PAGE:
Aftermarket coolers and video adapter warranties - some questions


J

Jeff

[comp.sys.ibm.pc.hardware.video, alt.comp.periphs.videocards.ati,
alt.comp.periphs.videocards.nvidia]

Apologies for cross-posting; there is no single newsgroup for discussing
video adapters without reference to brand (ATI, nVidia, etc) or system
(PC, Mac).

Some questions for those of you who use aftermarket coolers to extend
the lives of your expensive video adapters:

There seems to be two types of coolers on the market: "drop-in"
replacements for the OEM heat sink/fan combo that mounts on the GPU (and
which MAY provide slightly better cooling and fan longevity than the OEM
units they replace), and cooling kits designed to provide significantly
more heat dissipation capacity than the OEM coolers they replace.

If you use an extra capacity cooling kit, do you wait for the warranty
on your video adapter to expire before you install it? If not, how long
do you usually wait (if at all)? Do you run a burn-in test while your
video adapter is still in warranty before you replace the OEM cooler? Do
you find that replacing the OEM cooler early on with a higher capacity
one offsets the risk of voiding your warranty by significantly extending
the life of your video adapter?

If you wait for the warranty to expire, or for the OEM GPU fan to wear
out, do you wait for that to happen before you shop for an aftermarket
cooler, or do you buy one around the same time you buy your new video
adapter (and then put the cooler away for later)? If you put the cooler
away for later, do you have some way to check it out to see if it will
fit your video adapter as advertised?

Is there a GPU monitoring utility (freeware preferred) that runs under
Windows XP and in the background, which will provide an audible or
visual alarm if the GPU fan stops, or if the GPU goes over a set
temperature limit?

Many thanks to anyone who can answer any or all of these questions!

-------

Some background:

Dell Precision 360 workstation, 2.8 GHz P4, 2 GB RAM, 8x AGP slot, WiFi
PCI network adapter, Turtle Beach Santa Cruz sound card, Windows XP SP3.

There's just nothing like learning the hard way, is there? :S This
configuration was entirely stable with a Radeon 9600PRO video adapter,
until the GPU cooling fan failed, followed by the GPU. From my
experience with P5 CPU cooling fans, I thought I would hear the squeal
of worn sleeve bearings, but this fan died silently. I also did not know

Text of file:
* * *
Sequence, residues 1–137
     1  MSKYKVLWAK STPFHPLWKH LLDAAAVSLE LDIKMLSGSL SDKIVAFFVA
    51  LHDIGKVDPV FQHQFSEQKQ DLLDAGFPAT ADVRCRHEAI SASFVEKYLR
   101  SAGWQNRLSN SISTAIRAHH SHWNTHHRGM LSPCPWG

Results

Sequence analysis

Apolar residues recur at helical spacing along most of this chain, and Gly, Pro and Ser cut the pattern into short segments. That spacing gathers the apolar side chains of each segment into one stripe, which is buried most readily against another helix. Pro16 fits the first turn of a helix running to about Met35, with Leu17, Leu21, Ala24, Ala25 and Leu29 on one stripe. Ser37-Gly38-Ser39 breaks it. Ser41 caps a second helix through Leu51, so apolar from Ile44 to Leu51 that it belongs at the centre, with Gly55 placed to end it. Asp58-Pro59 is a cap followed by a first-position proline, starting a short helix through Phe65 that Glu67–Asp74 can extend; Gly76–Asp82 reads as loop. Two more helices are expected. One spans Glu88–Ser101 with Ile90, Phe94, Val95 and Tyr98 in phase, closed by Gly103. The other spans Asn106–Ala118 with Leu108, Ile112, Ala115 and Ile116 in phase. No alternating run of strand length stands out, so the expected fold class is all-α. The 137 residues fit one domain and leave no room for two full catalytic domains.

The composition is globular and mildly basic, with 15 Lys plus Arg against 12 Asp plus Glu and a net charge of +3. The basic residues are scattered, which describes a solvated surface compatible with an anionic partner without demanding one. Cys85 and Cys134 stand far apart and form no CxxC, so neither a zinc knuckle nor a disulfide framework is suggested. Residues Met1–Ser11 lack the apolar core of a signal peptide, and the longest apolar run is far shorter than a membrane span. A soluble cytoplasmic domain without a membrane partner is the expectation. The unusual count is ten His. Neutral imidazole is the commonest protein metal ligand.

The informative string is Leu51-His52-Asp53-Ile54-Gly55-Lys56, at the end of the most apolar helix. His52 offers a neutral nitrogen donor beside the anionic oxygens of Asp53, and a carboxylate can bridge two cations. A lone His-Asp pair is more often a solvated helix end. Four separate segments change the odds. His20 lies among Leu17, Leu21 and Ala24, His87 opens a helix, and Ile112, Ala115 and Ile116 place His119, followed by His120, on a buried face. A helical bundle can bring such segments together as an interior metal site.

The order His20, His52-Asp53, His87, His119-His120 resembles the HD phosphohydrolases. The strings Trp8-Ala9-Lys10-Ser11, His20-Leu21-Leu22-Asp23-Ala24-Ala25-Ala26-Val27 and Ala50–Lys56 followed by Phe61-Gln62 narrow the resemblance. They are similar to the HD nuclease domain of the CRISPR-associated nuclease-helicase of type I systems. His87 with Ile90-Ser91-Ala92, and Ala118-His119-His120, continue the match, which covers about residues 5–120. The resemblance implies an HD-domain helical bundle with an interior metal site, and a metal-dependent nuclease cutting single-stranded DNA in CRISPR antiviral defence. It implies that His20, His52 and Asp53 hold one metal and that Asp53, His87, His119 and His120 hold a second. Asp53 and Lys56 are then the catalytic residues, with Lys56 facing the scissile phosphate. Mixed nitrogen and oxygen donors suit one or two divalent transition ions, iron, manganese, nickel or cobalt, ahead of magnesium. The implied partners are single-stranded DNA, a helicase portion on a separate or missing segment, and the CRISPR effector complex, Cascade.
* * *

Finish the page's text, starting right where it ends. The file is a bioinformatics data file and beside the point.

that GPU's have embedded temperature sensors that can be monitored by
3rd party utilities (since the ATI drivers obviously did not). Oh well...

I replaced it with a PNY GeForce 6200 (which uses a passive heat sink
with no fan to wear out), installed the latest drivers from the website,
and immediately started experiencing random lockps and BSOD errors
pointing at nv4_disp (the basic nVidia driver). There is an article on
random lockups in the nVidia knowledgebase, which was written from the
viewpoint that "your problem is somewhere else in your computer." I
tried their suggestions; none of them helped. Following the suggestions
in another article on GPU overheating, I checked temperatures with the
utility they recommended, and found them to be about 49C at idle, and
62C while viewing a video file full screen. High, but within tolerance.

I recalled that one of the features listed for the Radeon was that the
drivers can automatically reset the GPU if it stops responding to
instructions, without requiring a system reboot (IIRC, that feature is
part of the SmartGART autoconfig utility). A Google search turned up
dozens of posts in developer forums asking if there is a utility to
reset nVidia GPU's "on the fly" without need of a system reboot;
apparently, nVidia GPU's do not have that capability.

So, I'm back to looking at ATI, but that means dealing with short-lived
GPU fans. My research lead me to two online vendors that offer
aftermarket VGA coolers

http://www.newegg.com/Store/SubCategory.aspx?SubCategory=576&name=VGA-Cooling&Order=RATING
http://www.mwave.com/mwave/viewproductgrid.asp?CatID=44

....and a company called Sunon, which manufactures long-life fans with
"MagLev" frictionless magnetic suspension bearings.

http://www.sunonusa.com/index2.asp?f=technology&p=bearings
http://www.sunonusa.com/index2.asp?f=technology&p=maglev

I've also come to understand from various comments I've read that OEM
installed video adapter coolers are barely adequate, and allow
components to run at temperatures that will shorten their lifespans.
This is why I want to know if people install high capacity coolers
before their video adapter warranties run out, in order to minimize heat
damage.

Thanks for listening, and for helping out.

Jeff
 
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